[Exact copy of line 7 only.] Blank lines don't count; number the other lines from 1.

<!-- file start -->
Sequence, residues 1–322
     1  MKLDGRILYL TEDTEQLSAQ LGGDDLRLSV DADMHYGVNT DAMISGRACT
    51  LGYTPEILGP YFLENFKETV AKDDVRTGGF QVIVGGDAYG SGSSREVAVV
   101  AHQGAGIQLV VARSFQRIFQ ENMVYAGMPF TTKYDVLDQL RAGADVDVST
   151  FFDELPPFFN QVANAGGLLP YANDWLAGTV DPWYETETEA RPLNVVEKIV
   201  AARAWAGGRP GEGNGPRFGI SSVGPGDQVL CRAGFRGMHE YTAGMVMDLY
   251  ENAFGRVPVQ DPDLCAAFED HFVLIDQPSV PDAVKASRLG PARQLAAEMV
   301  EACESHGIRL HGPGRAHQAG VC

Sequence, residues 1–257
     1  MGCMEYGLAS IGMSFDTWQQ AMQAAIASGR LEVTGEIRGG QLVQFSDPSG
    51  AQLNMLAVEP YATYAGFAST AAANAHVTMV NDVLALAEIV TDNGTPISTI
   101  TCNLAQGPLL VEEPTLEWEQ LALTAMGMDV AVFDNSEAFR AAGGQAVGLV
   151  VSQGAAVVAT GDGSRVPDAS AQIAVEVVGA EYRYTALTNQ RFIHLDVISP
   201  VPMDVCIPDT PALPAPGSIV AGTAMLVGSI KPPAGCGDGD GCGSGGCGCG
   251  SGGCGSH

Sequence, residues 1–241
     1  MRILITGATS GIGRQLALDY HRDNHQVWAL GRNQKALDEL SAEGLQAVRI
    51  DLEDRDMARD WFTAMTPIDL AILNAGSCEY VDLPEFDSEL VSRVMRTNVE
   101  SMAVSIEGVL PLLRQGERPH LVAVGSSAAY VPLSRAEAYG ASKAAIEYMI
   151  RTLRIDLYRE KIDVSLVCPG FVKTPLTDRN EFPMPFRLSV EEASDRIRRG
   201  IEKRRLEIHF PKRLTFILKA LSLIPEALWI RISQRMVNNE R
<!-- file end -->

   251  ENAFGRVPVQ DPDLCAAFED HFVLIDQPSV PDAVKASRLG PARQLAAEMV